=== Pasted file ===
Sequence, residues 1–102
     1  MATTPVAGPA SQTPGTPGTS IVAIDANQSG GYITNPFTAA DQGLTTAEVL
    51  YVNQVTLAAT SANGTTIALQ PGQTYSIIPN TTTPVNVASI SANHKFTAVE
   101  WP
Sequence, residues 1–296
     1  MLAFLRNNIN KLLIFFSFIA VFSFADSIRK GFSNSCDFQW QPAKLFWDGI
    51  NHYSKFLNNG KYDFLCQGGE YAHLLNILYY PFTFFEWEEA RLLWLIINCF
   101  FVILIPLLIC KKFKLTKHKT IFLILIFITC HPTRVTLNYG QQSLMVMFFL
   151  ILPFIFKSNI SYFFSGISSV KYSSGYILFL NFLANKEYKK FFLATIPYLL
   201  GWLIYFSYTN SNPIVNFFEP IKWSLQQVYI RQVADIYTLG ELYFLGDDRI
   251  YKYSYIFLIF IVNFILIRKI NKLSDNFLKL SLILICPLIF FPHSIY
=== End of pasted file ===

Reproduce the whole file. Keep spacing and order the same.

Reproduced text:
Sequence, residues 1–102
     1  MATTPVAGPA SQTPGTPGTS IVAIDANQSG GYITNPFTAA DQGLTTAEVL
    51  YVNQVTLAAT SANGTTIALQ PGQTYSIIPN TTTPVNVASI SANHKFTAVE
   101  WP
Sequence, residues 1–296
     1  MLAFLRNNIN KLLIFFSFIA VFSFADSIRK GFSNSCDFQW QPAKLFWDGI
    51  NHYSKFLNNG KYDFLCQGGE YAHLLNILYY PFTFFEWEEA RLLWLIINCF
   101  FVILIPLLIC KKFKLTKHKT IFLILIFITC HPTRVTLNYG QQSLMVMFFL
   151  ILPFIFKSNI SYFFSGISSV KYSSGYILFL NFLANKEYKK FFLATIPYLL
   201  GWLIYFSYTN SNPIVNFFEP IKWSLQQVYI RQVADIYTLG ELYFLGDDRI
   251  YKYSYIFLIF IVNFILIRKI NKLSDNFLKL SLILICPLIF FPHSIY